The tourists aren’t just Alabamians, nor even just Southerners. Some residents say that they’re seeing large numbers from Mississippi and Louisiana, but also Midwestern states such as Michigan and Ohio. “People think, Oh, it’s those rednecks,” Harrelson said. “But we’ve got guests from Indiana and Illinois and everywhere coming down here.”

In a segment Monday that angered many residents, a CNN reporter aired scenes of packed restaurants, bars, and stores. “Everybody’s gotta go somehow, you know what I mean?” one 21-year-old woman told the reporter as she lounged on the beach. “I don’t want to die, but if that’s what God has in store for my life, that’s OK.” Another young person told the reporter that if Donald Trump wasn’t wearing a mask, “I’m not gonna wear a mask. If he’s not worried, I’m not worried.”

Several business owners protested that the portrait of recklessness didn’t tell the full story of the town, where some locals—a solidly conservative group on the whole—express conflicted feelings over a situation that has been a financial lifeline but is likely endangering the community.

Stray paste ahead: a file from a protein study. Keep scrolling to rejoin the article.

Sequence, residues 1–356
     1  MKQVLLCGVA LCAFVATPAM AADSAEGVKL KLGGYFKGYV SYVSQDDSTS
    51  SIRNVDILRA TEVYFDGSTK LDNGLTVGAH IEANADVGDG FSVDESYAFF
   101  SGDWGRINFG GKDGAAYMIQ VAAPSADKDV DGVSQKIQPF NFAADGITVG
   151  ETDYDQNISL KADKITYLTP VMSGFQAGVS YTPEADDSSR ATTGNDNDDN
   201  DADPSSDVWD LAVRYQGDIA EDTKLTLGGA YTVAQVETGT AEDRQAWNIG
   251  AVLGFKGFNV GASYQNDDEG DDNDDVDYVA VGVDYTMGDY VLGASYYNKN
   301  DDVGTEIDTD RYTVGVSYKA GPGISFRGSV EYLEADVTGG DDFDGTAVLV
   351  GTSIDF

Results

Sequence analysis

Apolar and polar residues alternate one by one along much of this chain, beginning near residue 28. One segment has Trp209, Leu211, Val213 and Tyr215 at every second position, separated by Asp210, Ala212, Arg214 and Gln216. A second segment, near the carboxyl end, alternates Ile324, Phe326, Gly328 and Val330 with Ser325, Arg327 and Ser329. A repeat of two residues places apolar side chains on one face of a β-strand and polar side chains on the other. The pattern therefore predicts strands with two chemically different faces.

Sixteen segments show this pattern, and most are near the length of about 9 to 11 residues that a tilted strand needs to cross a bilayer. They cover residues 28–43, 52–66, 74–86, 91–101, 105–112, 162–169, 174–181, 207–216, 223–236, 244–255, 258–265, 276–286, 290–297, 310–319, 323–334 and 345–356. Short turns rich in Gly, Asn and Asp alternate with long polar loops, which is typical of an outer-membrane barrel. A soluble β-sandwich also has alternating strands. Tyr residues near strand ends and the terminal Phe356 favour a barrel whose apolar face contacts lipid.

“Most of the tourists are carefree,” said Rosemary Steele, the owner of DeSoto’s Seafood Kitchen, noting that few of them wear masks. “The residents you see being a little more careful. A lot of locals are on edge about being open to the entire country.” Many local employees still put an emphasis on sanitizing surfaces, washing hands, and wearing masks. Steele said that when the state had been shut down, residents were careful to keep their distance in the grocery stores.